Kettering Concert 2018-04-29
Satin Winds with Jennifer Marten-Smith
Jennifer Marten-Smith (piano), Dinah Woods (Oboe), Andrew Seymour (Clarinet), Tahnee van Herk (Bassoon), Greg Stephens (Horn)
Piano and Woodwind Ensemble
Quintet for piano and winds in E flat major, Opus 16 – Ludwig van Beethoven (1770-1827)
Trio for Oboe, Bassoon and Piano , Opus 43 – Francis Poulenc (1899-1963)
Quintet in E flat major, K. 452 – Quintet for Piano and Winds – Wolfgang A. Mozart (1756-1791)
Sunday 29 April 2018, 3pm
Kettering Community Hall
Tickets available at the door 15
Stay for the post-concert afternoon tea, meet and chat with the musicians.
Jennifer grew up in Tasmania and at age 12 was invited to study with
Professor Gediga-Glombitza at the Musikhochschule in Cologne. At age 16 she
made her public debut with the Tasmanian Symphony Orchestra as soloist in
Schumann's A minor Piano Concerto, having previously recorded the
Rimsky-Korsakov Piano Concerto with the TSO. Two years later she performed
Rubinstein Piano Concerto No 4 with the TSO and, that same year, was the
youngest graduate of the Tasmanian Conservatorium of Music, where she was
awarded a high distinction as a double major in piano performance and
accompaniment. Other concertos in her repertoire include works by
Brahms, Dohnányi, Mozart, Saint-Saëns and Tchaikovsky, and she has appeared
as soloist with the Melbourne Symphony Orchestra and the Niedersächsisches
In 1989 she began work as a repetiteur with the State Opera of South
and subsequently joined the Victorian State Opera Young Artist Programme.
Between 1997 and 2001 she was repetiteur at the Staatsoper Hannover and was a
full-time member of the music staff with Opera Australia from 2001 to 2012.
She has more than 90 operas in her repertoire. Jennifer, a member of the
Kettering Piano Quartet, is now living in Hobart, and is in demand as a
soloist, accompanist and vocal coach.
Principal Clarinet with the Tasmanian Symphony Orchestra (TSO) since 2012,
Andrew Seymour studied with Robert Schubert at the Victorian College of the
Arts (VCA) where he completed a Bachelor of Music Performance in 2001. He is a
former member of the Australian Youth Orchestra (AYO) and first performed with
the TSO as part of the TSO-AYO Orchestral Development Program in 2005. He was
active as a freelance musician in Melbourne, having performed with the Royal
Melbourne Philharmonic Orchestra, Australian Classical Players and Lyric Opera
of Melbourne, as well as The Phantom of the Opera and Dr Zhivago. Between 2009
and 2011 he toured nationally as a member of the orchestra for OzOpera, Opera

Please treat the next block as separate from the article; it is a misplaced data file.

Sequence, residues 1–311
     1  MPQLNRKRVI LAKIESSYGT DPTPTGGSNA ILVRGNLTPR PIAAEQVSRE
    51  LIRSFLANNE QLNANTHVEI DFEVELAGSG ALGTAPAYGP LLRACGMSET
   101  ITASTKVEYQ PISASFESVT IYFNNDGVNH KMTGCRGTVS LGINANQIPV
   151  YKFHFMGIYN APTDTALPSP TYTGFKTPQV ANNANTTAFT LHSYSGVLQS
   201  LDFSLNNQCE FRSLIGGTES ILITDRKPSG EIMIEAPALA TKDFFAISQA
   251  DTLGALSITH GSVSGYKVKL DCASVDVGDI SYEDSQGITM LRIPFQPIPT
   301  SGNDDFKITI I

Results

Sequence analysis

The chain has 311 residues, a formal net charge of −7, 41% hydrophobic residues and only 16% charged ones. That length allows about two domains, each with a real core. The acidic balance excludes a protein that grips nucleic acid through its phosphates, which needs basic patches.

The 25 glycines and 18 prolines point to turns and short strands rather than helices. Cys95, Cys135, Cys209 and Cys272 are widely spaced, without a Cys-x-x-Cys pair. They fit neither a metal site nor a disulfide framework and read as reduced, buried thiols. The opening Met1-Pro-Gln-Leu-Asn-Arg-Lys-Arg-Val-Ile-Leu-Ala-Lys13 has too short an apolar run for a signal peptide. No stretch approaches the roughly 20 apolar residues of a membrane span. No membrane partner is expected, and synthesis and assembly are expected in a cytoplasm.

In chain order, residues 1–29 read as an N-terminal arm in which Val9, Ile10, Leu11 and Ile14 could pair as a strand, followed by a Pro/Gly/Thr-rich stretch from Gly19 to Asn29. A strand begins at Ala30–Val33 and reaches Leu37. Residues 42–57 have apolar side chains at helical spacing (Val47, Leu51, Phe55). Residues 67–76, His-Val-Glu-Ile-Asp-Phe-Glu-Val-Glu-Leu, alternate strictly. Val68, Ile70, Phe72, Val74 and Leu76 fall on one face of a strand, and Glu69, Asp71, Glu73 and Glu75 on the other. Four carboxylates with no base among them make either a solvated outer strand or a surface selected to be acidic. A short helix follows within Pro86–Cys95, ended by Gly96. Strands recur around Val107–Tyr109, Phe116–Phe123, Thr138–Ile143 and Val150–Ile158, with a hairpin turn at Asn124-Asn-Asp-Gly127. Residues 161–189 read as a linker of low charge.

Australia’s touring company. Andrew was singled out by The West Australian
review of OzOpera’s production of Verdi’s La Traviata, saying “his every note
was meaningful.” In 2010 he performed Schubert’s The Shepherd on the Rock with
Sara Macliver and Amir Farid at the Melbourne Recital Centre. In 2014 Andrew
was featured in recital on ABC Classic FM’s Sunday Live program, his
performance praised by Limelight Magazine as being “soaring and colourful” and
by the Hobart Mercury as “an astonishing display of instrumental virtuosity.”
Recently, Andrew has performed as guest principal Clarinet with the Australian
Chamber Orchestra, Auckland Philharmonia Orchestra, West Australian and
Canberra Symphony Orchestras. He has also performed as guest principal Eflat
Clarinet with the Queensland and Adelaide Symphony Orchestras. In 2016 Andrew
made his solo debut with the TSO performing the Copland Clarinet Concerto under
the baton of Chief Conductor Marko Letonja. His performance was described by
The Hobart Mercury as “sensitive and beautifully shaded” and “gloriously
Since 2017 Andrew has been a profile staff member at the University of
Tasmania, Conservatorium of Music, where he is Lecturer in Clarinet and
Coordinator of Woodwind.
My artwork is ever evolving, resulting in fluid linear strokes with each colour unique and individual to the composition of the work, the combination of each unique stroke building the image. I progress through shades to provide the illusion of blended colour, thus simplifying the environment to basic form. Much of the resulting brushwork represents the world we move through, enhancing the natural environment with bold colour which draws me deeper into the canvas, searching the palate for the perfect hues.
Painting is my conduit to peace and harmony, stepping away from the illusions and delusions of everyday life to be in the moment, to be the brush, to be the paint and to be the painting.